CEOs are facing crunch time when it comes to artificial intelligence (AI). There is a relentless amount of new information coming to light each day. However, digging into the news and reports reveals much that is conflicting and confusing. With the global hype machine on overdrive, how is a senior leader to figure out what is meaningful versus what’s hyperbole?

Looking at recent studies of what’s on the CEO’s mind provides little clarity – except, perhaps, to reveal the full-on existential crises most executives are living. The recent PwC Global CEO Survey, for example, hits at the heart of the dilemma senior leaders face:

– 45% are “not confident that their companies would survive more than a decade on their current path.”

– CEOs believe AI will lead to “huge productivity benefits,” but only 32% have broadly adopted it.

In other words, CEOs realize they need to change their organizations as soon as possible in order to build a sustainable future. They also view AI as a key driver in creating the organization of the future. Yet, they are still hesitant or at least cautious because of the enormous consequences of both action and inaction.

The benefits of AI implementation across organizations and society has many technologists and leaders salivating over the vast possibilities. Others, though, are fearful that companies are moving too fast without adequately addressing what these tools will do both to and for us.

Some headlines are filled with dread, which has a psychological impact on how people are reacting to AI in the workplace. United Nations chief António Guterres, for example, warned against what he labeled “runaway development of artificial intelligence without guardrails,” essentially leaving nations “powerless to act together.”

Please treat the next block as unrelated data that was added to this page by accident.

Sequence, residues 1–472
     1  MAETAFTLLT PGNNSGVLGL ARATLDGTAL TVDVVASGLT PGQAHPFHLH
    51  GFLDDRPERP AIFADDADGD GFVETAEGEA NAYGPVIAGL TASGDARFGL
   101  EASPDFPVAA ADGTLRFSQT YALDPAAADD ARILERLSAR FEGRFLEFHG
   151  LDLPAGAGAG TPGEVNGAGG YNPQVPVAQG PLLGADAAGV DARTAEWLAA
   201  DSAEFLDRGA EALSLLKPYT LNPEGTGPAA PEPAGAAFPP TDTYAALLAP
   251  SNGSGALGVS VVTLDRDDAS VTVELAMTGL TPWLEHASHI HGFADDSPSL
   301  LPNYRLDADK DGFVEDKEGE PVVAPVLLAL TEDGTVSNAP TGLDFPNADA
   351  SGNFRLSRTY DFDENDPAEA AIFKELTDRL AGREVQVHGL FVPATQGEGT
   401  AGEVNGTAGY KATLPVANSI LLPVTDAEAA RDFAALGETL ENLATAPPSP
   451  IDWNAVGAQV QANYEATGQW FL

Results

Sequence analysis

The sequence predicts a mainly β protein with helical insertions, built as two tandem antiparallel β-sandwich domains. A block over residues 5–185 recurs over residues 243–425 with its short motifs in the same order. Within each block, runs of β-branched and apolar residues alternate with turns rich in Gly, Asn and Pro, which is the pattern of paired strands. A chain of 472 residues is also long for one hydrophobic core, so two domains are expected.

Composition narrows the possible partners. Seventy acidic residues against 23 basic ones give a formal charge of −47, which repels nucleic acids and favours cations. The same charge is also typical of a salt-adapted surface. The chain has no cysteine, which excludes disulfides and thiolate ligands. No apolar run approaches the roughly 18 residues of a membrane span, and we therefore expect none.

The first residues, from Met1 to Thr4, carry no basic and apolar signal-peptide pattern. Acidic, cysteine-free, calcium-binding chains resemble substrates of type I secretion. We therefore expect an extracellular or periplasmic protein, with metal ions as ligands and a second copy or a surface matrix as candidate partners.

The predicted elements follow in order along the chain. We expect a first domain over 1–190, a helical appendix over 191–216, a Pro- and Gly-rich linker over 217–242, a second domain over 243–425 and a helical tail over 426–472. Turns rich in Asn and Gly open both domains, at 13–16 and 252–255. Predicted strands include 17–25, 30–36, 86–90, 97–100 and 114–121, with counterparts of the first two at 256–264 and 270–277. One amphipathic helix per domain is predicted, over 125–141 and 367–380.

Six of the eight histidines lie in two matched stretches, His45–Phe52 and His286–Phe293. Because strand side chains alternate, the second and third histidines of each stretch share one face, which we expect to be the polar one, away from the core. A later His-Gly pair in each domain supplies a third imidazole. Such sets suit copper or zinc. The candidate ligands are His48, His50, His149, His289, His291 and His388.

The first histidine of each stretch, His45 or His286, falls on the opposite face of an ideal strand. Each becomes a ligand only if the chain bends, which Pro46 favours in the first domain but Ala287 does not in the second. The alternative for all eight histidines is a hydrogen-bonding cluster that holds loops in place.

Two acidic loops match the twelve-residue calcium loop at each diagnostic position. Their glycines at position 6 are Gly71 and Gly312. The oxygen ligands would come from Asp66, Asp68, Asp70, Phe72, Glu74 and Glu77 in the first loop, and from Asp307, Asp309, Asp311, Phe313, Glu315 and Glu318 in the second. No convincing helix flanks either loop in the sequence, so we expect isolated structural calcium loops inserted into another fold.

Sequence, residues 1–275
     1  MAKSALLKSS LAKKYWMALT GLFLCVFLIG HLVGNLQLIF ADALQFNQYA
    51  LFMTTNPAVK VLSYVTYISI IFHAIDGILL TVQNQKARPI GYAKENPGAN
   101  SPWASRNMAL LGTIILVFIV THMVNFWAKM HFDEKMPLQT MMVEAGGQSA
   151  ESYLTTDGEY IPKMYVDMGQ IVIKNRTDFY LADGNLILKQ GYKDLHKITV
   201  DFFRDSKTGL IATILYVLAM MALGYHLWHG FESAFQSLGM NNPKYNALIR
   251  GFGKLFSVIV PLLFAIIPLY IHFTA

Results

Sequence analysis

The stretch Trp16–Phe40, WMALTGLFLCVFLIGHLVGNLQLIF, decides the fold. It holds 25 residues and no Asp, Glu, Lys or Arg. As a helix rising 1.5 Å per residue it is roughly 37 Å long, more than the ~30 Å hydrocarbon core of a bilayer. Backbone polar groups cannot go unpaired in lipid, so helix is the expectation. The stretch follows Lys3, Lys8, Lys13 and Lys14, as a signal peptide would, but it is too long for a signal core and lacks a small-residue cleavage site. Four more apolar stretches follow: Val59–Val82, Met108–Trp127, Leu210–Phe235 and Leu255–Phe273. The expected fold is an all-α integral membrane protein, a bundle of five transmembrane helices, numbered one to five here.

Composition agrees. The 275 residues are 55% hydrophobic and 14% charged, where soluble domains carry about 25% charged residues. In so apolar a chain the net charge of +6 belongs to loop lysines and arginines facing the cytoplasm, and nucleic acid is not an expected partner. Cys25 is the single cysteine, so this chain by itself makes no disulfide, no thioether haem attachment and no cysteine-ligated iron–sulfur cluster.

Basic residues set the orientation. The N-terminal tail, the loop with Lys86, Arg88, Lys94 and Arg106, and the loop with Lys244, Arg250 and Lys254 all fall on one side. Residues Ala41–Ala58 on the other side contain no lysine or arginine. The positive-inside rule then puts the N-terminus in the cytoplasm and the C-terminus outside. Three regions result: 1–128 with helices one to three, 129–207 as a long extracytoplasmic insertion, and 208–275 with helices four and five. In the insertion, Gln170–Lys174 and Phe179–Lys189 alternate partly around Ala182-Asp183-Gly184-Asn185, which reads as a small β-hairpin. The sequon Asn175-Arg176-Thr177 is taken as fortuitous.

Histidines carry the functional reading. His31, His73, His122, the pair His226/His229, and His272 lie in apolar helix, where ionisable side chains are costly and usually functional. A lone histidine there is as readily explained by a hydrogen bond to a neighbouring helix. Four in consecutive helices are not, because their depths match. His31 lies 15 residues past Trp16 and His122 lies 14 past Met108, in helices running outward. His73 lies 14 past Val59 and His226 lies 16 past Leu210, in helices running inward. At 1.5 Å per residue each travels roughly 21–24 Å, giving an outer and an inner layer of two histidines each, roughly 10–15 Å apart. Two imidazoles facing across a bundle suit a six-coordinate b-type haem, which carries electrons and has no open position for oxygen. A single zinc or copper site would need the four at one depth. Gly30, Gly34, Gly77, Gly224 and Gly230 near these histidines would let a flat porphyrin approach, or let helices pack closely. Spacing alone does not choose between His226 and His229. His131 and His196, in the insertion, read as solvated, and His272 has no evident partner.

There are many reasons for hesitation, but many of these are human-centered factors, ranging from the cost associated with upskilling and reskilling employees to outright fear of how an AI-dominant future will upend people’s lives. These types of obstacles are being navigated while executives also attempt to balance how AI can bring short- and long-term efficiency gains. Then, there’s the elephant in the room – getting the entire company to navigate the deep strategic moves it will need to unlock AI’s full growth potential.

In light of all this noise, my fallback has been to use AI and ask team members to educate me on how they are using generative AI in their work. My study over the last year has given me some insight, which I want to share with you as a guide for your own AI plans. For those of us in the C-suite, what we do now and plan for strategically will define the trajectory of our organizations and define our competitive standing.

Driving AI strategy today

The first move every CEO must make is to assess the current state by asking a straightforward question: “Where are we today on our AI journey?” The primary consideration is to establish a baseline on current AI initiatives, understand projects that have an AI component, and evaluate the company’s AI maturity level. Based on the PwC poll results with some 70% of organizations yet to implement AI, you might find that your organization hasn’t yet begun or is only in its nascent stage.

No matter where you are right now, the second consideration is to ask your leadership team, “What quick efficiency gains can AI bring right now?” Whether potential wins are based on personal use or successes across teams, these benefits lay the foundation for more significant transformations.

These two initial questions will provide context and signal to your executive team that AI is a priority. What you learn can then be used to create the foundation for AI implementation.

5 actionable steps toward an AI strategy